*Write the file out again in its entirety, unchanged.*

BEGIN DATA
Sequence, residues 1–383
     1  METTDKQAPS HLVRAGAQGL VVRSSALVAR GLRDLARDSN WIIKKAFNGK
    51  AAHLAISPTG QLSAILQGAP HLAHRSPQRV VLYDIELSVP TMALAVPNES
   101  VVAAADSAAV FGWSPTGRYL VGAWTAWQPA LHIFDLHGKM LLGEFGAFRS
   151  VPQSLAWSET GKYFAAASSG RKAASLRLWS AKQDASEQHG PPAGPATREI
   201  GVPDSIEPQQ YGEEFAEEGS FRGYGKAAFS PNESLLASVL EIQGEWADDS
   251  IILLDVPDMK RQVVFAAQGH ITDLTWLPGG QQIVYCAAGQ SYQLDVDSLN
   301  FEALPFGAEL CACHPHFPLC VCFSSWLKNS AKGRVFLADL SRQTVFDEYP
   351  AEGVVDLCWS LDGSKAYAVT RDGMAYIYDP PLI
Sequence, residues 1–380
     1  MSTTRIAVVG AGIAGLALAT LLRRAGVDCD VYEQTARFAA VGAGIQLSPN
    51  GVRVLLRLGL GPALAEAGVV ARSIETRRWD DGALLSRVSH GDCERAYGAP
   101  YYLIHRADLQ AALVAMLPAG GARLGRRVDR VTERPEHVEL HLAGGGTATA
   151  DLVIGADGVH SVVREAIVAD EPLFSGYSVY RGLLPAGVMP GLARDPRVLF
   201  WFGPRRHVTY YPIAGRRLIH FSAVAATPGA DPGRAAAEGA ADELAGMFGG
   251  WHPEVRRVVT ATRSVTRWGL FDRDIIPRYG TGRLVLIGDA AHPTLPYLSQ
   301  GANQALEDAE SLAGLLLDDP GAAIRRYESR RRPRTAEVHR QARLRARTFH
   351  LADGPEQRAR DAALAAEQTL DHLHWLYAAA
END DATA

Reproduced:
Sequence, residues 1–383
     1  METTDKQAPS HLVRAGAQGL VVRSSALVAR GLRDLARDSN WIIKKAFNGK
    51  AAHLAISPTG QLSAILQGAP HLAHRSPQRV VLYDIELSVP TMALAVPNES
   101  VVAAADSAAV FGWSPTGRYL VGAWTAWQPA LHIFDLHGKM LLGEFGAFRS
   151  VPQSLAWSET GKYFAAASSG RKAASLRLWS AKQDASEQHG PPAGPATREI
   201  GVPDSIEPQQ YGEEFAEEGS FRGYGKAAFS PNESLLASVL EIQGEWADDS
   251  IILLDVPDMK RQVVFAAQGH ITDLTWLPGG QQIVYCAAGQ SYQLDVDSLN
   301  FEALPFGAEL CACHPHFPLC VCFSSWLKNS AKGRVFLADL SRQTVFDEYP
   351  AEGVVDLCWS LDGSKAYAVT RDGMAYIYDP PLI
Sequence, residues 1–380
     1  MSTTRIAVVG AGIAGLALAT LLRRAGVDCD VYEQTARFAA VGAGIQLSPN
    51  GVRVLLRLGL GPALAEAGVV ARSIETRRWD DGALLSRVSH GDCERAYGAP
   101  YYLIHRADLQ AALVAMLPAG GARLGRRVDR VTERPEHVEL HLAGGGTATA
   151  DLVIGADGVH SVVREAIVAD EPLFSGYSVY RGLLPAGVMP GLARDPRVLF
   201  WFGPRRHVTY YPIAGRRLIH FSAVAATPGA DPGRAAAEGA ADELAGMFGG
   251  WHPEVRRVVT ATRSVTRWGL FDRDIIPRYG TGRLVLIGDA AHPTLPYLSQ
   301  GANQALEDAE SLAGLLLDDP GAAIRRYESR RRPRTAEVHR QARLRARTFH
   351  LADGPEQRAR DAALAAEQTL DHLHWLYAAA